Daily Archives: August 4, 2010
I looked at an iPad, and played with it a bit. I think I'd rather wait for an Android tablet. #
You know, there's an easy way to keep the nasty Muslims from building the Ground Zero mosque: Buy the property from them. #
That’s the question Rich Lowery asks and answers in a piece today at NRO. By "adult" in government he means, "political leaders who make tough choices, take on problems directly, and combine principle with pragmatism in a manner consistent with true statesmanship."
What he doesn’t mean is political leaders who push an extremist agenda regardless of the reality of the situation that surrounds them – such as what we have today.
Unsurprisingly, he finds his adults in government not at a federal level, but at the state level. Two in particular are making both waves and progress against daunting problems. And they should be the new proto-type GOP candidate for federal executive office:
Look in particular to New Jersey and Indiana, where Govs. Chris Christie and Mitch Daniels are forging a limited-government Republicanism that connects with people and solves problems. They are models of how to take inchoate dissatisfaction with the status quo, launder it through political talent, and apply it in a practical way to governance.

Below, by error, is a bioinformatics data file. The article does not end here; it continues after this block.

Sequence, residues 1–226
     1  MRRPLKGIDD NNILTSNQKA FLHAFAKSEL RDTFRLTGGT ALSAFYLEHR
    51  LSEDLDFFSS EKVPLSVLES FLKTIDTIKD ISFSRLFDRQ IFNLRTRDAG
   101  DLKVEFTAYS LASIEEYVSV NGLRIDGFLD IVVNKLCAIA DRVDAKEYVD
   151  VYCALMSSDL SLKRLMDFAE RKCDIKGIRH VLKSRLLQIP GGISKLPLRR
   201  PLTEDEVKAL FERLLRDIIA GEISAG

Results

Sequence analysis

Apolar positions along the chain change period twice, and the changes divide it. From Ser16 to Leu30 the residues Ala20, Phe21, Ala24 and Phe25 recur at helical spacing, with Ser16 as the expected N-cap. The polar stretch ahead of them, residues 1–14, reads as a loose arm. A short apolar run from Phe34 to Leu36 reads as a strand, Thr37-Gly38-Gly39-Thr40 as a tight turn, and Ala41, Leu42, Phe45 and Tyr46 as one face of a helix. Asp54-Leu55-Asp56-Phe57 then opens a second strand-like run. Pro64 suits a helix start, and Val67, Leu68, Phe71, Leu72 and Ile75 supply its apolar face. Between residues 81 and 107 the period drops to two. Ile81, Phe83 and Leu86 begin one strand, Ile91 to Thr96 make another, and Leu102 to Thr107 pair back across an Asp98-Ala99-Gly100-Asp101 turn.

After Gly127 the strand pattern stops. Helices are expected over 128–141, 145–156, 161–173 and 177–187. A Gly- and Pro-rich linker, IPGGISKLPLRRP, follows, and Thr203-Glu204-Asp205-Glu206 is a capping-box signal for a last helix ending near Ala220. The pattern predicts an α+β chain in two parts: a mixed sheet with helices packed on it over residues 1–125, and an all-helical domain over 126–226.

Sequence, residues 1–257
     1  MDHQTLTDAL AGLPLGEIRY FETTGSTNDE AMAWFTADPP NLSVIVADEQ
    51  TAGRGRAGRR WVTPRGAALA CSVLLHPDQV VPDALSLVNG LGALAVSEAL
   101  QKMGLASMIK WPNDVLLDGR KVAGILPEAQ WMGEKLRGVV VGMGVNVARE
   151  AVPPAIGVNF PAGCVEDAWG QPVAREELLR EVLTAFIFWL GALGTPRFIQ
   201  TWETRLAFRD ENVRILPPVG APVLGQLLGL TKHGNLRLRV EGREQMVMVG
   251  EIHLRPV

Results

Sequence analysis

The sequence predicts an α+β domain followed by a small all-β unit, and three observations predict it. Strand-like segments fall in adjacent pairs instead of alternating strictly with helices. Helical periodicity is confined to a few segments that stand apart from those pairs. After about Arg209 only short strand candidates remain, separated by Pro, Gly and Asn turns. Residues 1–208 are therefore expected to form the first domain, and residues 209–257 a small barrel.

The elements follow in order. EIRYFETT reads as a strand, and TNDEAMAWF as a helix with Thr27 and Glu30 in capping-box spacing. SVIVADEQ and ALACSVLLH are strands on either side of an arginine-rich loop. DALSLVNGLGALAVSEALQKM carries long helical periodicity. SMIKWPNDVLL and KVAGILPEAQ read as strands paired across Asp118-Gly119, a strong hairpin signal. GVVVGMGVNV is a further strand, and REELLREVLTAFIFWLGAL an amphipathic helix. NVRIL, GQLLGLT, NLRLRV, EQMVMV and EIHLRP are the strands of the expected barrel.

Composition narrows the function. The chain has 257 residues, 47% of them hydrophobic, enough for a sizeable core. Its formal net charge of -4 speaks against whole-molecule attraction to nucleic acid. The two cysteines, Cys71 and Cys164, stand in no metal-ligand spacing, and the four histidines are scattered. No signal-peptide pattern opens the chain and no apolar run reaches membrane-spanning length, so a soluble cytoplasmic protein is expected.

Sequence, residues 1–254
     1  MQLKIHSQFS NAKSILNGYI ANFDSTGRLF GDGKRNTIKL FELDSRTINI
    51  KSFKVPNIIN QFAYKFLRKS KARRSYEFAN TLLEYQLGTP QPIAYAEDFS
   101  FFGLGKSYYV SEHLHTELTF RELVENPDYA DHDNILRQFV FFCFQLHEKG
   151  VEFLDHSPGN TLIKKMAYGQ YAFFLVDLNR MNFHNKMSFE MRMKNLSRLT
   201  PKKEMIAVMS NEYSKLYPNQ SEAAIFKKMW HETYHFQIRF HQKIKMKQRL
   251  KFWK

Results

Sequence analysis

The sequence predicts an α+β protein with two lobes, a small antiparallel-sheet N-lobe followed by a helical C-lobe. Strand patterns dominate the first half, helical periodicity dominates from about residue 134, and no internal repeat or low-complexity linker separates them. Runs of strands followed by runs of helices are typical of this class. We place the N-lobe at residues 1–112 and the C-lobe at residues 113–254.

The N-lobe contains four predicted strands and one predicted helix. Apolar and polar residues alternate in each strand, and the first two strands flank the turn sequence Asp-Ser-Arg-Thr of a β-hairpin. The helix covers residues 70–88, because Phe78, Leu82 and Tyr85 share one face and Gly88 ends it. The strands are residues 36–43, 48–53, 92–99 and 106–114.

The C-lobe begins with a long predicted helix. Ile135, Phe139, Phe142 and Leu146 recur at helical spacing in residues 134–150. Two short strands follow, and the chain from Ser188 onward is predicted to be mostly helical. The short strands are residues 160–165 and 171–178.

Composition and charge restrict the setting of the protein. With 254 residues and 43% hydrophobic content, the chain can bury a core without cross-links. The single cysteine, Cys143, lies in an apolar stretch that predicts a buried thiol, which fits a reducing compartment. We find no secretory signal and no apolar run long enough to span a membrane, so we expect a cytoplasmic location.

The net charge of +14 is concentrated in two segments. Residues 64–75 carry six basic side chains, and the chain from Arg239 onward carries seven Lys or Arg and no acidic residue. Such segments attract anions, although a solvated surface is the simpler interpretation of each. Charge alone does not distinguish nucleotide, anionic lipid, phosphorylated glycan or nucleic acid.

Christie has just concluded a six-month whirlwind through Trenton that should be studied by political scientists for years to come. In tackling a fiscal crisis in a state groaning under an $11 billion deficit, he did his fellow New Jerseyans the favor of being as forthright as a punch in the mouth. And it worked.
Christie traveled the state making the case for budgetary retrenchment, and he frontally took on the state’s most powerful interest, the teachers’ union. He rallied the public and split the Democrats, in a bravura performance in the lost art of persuasion. At the national level, George W. Bush thought repeating the same stalwart lines over and over again counted as making an argument, and Barack Obama has simply muscled through his agenda on inflated Democratic majorities. Christie actually connected.
He matched unyielding principle (determined to balance the budget without raising taxes, he vetoed a millionaires’ tax within minutes of its passage) with a willingness to take half a loaf (he wanted a constitutional amendment to limit property taxes to 2.5 percent, but settled with Democrats for an imperfect statutory limit). He’ll need an Act II to get deeper, institutional reforms, but New Jersey is now separating itself from those other notorious wastrels, California and Illinois.